You don't hear much about collecting in school now-a-days. But as we argued in a previous post, some very famous people have relied professionally on their leisure collections for inspiration, knowledge and skills. Moreover, a century ago, psychologists and educators took the collecting habit in children seriously -- and pondered how to use it to advantage in the classroom.
G. Stanley Hall, one of America's first and preeminent students of the ‘child mind', felt that students might be encouraged to collect "scraps on literature, geology, etc," such that instruction became, presumably, a kind of collecting game. Others, including Elizabeth Howe, thought it best to start with actual collecting interests of each individual child. "It is quite clear," she wrote, "that the teacher who had such information would have an insight into the children's inner life which she would hardly be able to get in any other way." Since good teaching strives to connect student interest to curricular content, such knowledge can be invaluable for building intellectual bridges.
Howe compiled a list of typical childhood hobbies, typical that is, for the early 1900s. Boys collected buttons, books, stamps, pictures, pens and pencils, stones, marbles, tools, railroad timetables, photographs, bats and balls, neckties, scarf-pins, tickets, tops, rulers, shoe-laces and seeds. Girls collected much the same things, exchanging bats and balls for dolls, ribbons, shells and spoons and switching out neckties for handkerchiefs, cups and saucers, calling cards and fancy work.
A medieval knight, Britains Limited.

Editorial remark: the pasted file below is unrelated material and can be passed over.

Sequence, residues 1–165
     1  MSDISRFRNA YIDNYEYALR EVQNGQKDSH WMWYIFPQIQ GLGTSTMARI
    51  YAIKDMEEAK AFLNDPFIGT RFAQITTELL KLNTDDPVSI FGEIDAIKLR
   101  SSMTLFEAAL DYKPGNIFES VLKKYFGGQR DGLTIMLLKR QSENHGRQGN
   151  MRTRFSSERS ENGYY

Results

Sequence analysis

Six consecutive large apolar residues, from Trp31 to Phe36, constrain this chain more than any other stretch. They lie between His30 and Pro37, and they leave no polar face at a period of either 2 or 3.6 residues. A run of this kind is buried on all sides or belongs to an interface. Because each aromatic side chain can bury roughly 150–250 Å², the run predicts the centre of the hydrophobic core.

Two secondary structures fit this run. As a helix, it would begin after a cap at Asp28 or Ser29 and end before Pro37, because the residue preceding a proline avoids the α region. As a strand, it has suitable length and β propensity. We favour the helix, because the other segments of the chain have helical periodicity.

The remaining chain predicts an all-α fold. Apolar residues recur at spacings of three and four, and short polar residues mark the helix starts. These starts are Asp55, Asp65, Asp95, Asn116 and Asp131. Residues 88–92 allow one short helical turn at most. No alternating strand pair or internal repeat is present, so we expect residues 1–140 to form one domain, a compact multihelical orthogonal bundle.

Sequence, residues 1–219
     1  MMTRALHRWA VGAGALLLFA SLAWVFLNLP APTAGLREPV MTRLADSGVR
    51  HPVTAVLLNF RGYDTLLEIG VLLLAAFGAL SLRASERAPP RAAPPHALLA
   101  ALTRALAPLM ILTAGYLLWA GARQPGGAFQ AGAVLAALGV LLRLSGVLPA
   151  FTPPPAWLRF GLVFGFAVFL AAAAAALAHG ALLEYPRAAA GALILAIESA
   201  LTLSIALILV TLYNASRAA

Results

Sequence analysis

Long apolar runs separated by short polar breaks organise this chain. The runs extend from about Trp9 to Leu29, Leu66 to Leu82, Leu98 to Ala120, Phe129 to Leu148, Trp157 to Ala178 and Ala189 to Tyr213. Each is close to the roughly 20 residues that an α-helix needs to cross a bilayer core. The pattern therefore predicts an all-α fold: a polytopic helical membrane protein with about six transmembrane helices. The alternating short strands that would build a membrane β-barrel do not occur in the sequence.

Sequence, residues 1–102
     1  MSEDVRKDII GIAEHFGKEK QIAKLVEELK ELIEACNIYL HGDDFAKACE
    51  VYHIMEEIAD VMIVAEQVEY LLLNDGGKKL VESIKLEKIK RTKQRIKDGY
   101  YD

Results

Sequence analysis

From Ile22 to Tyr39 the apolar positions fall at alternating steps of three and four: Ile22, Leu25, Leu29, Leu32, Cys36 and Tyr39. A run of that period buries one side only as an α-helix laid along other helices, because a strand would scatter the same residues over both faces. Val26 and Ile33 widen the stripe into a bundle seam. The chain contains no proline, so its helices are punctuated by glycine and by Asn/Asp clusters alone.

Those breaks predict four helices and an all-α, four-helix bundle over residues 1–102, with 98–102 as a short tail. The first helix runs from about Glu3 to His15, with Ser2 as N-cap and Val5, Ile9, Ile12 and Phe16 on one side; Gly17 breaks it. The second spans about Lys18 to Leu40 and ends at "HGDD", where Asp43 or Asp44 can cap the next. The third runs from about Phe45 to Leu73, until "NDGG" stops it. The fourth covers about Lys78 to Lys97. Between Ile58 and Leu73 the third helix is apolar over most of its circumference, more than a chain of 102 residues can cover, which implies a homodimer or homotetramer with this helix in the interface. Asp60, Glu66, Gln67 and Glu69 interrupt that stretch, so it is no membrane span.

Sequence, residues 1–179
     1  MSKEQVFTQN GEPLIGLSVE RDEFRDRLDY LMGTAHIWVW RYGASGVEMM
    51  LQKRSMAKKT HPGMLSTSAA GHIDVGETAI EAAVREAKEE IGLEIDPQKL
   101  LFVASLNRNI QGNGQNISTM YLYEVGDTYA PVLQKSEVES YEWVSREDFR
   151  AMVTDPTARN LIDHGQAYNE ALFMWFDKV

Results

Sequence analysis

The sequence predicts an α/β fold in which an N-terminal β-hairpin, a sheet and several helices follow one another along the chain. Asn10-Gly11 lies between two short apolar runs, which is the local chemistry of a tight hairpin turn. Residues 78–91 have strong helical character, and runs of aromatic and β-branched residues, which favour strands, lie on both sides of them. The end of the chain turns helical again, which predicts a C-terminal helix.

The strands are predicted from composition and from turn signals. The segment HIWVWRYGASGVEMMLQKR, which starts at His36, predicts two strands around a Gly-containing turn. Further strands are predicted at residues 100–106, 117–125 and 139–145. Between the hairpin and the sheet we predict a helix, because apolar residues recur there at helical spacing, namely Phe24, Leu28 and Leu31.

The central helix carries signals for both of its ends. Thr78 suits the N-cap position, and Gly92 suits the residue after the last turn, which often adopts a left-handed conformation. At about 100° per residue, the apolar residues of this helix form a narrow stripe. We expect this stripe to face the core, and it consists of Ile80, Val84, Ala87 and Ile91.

Obviously, children collected what they could find in their immediate environment
, such as household or workbench items (often of minimal worth), toys, store-bought materials and natural objects. New items have certainly entered the lists, many, like Star Wars and Harry Potter figures or the WebkinzTM
toys, highly commercialized.
To the best of our knowledge, Elizabeth Howe never answered her own question about what such collections tell us about the "inner life" of children. So we'll give it a go -- by taking a brief look at five children and their collecting habits. What concerns us here is not necessarily what these children collected, but what they did with their collections, which seems to us to be the much more important and insightful issue.
• At the turn of the 20th century, a young boy named Joseph Folsom began collecting things he found in the backyard and around the house: empty wooden spools, broken chess pieces, blocks of wood and stones of different sizes. Young Joe Folsom endowed each stone, each spool with personality. As his collections grew, so did the number of his ‘People'. Soon enough, he was organizing them into families and then into what he called "Systems." He associated certain colors, sounds, letters and emotional attributes with different People and ranked them within and across Systems.
• In the 1960s, one of us (Bob) began collecting Britains LimitedTM knights. The direct effect was to make Bob want a castle for his knights, so he began reading every book he could find at the local library about castle building. Eventually he built out of cardboard the castle he couldn't otherwise afford to buy, with stables for the horses, a working drawbridge, siege engines and all the rest. He incidentally learned a great deal about medieval culture.
A collection of Footsies.
• In the 1980s, two children (okay, our children) haphazardly collected stamps and coins, pinned butterflies and insects to foam board, and perhaps most intently of all, assembled a small army of little advertising
pom-poms, the kind with glued on eyeballs and one big foot. Our children took the little pom-poms, called them Footsies and made up an elaborate game called Footsie Olympics. They drew up a list of rules, and as each sports